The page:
January 23, 2024 Avalonia Images Bitmaps WinForms

Are you using Bitmaps in your application? Make sure you keep an eye on your memory.

History Lesson

I used (and still use) WinForms. Displaying images in a WinForms application is quite common. You can set images on menu items, toolbar items, buttons, etc. Back in the good old days, handling images wasn’t a big deal most of the time. You put images into a resource file, get a nice wrapper to access the image and all is good. Even though the System.Drawing.Image class had a Dispose() method, it was mostly not so important to care about the lifetime of an image. When you start the app, images are loaded through the resources, and shown/displayed while executing the application. Disposing of the image mostly caused unwanted side effects if you wanted to re-use images.

Times are changing. Nowadays, apps need to support a light and dark mode. High DPI support is also often required or desired. So, if you do dynamic image generation for different color variations or image sizes, it can get messy. You have to be careful when and how you create an image and when you dispose images not in used anymore to avoid memory leaks.

In WinForms, images created from a stream, must also keep the stream open for the lifetime of the image. I created my own ManagedImage class which can keep a reference to the underlying Stream as well as the Image. If I have to re-generate images because of a DPI or color theme changes, I can clean up and re-create all the images I need.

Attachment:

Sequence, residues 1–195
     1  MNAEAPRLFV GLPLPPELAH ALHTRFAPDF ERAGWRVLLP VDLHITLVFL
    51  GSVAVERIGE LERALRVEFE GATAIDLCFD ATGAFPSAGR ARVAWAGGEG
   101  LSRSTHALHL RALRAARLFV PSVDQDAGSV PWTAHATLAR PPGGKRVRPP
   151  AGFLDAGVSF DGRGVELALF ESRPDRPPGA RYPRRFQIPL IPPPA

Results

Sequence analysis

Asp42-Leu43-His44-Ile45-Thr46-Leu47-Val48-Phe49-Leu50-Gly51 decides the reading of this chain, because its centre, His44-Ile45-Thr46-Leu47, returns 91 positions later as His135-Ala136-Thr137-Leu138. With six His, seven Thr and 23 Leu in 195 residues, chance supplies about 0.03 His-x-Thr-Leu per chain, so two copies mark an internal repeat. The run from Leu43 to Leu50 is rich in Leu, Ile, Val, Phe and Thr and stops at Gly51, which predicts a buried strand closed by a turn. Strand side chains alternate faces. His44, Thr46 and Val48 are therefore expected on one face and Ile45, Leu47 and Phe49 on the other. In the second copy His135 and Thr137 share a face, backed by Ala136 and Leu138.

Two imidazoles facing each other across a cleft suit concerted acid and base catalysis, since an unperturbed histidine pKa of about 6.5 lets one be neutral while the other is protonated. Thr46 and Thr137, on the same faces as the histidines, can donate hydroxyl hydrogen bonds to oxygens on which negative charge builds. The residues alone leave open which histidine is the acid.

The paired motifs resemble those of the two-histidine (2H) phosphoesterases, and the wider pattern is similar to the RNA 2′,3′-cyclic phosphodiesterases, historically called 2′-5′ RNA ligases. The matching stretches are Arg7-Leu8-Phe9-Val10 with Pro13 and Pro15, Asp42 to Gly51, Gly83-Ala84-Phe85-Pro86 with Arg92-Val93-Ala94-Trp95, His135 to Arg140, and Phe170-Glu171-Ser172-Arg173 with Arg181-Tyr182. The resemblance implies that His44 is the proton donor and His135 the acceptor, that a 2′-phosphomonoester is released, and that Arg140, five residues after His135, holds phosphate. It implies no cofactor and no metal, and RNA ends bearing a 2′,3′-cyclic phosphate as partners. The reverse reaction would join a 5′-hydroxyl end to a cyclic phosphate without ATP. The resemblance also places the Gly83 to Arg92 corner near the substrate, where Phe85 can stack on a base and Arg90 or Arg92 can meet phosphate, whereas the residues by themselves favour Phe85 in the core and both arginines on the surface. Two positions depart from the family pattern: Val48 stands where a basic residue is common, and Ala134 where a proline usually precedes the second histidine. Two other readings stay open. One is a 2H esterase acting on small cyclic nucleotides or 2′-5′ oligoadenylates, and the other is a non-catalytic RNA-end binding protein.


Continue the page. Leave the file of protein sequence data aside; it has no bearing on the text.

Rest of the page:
Modern WinForms app may not use bitmaps at all. There are ways to completely avoid the usage of bitmap based images with proper SVG support, for example. Depending on the framework and implementation, SVG images, may not need extra care about lifecycle management, disposal, etc. Check out DevExpress’ WinForms components which support SVG in almost all places.


As a consequence, not cleaning up correctly can lead to nasty memory leaks. When in doubt, do some profiling to find those leaks. Also worth mentioning, if the underlying stream is closed for whatever reason, your app will crash. See: MSDN

What about Avalonia?

In Avalonia (and other XAML based framework) you can actually do a lot without ever needing bitmap based images. The Image control allows you to set an image Source (which must implement the IImage interface). So, you have a couple of choices:

  • Set the source to a DrawingImage. In this case you usually define the XAML for the DrawingImage and put it into a resource dictionary. Then you pull in the resource using a dynamic resource binding using the resource key.
  • Set the source to an SvgImage. There’s a great nuget package / Github repo created and maintained by Wiesław Šoltés which allows you to use SVG images directly with the <Image ... /> control. A markup extension allows you to load SVG images directly from your Avalonia resources/
  • Set the source to a bitmap based image.

In the first two cases you don’t really have to care about memory usage because it is all managed internally. Neither a DrawingImage nor an SVG image even has a Dispose() method on it.

If you are using bitmap based images, you have to think about where the image comes from and how it is used in your application during it’s lifetime. The Image control does nothing with the image source when the control is removed from the visual tree.

If you source needs disposal, make sure you clean up after the image control or image is not used anymore. In my profiling tests, I also found out that setting the Source property explicitly to null is necessary. It looked like the garbage collector didn’t really clear out the images when this is not done.

Image Cache

In all my apps, I usually create an ImageCache class or some sort of image manager. Having a central place where you can fetch images from, provide caching and also have some hooks to invalidate the cache (including cleaning up old images not in use anymore) is very convenient and served me well.

Last updated on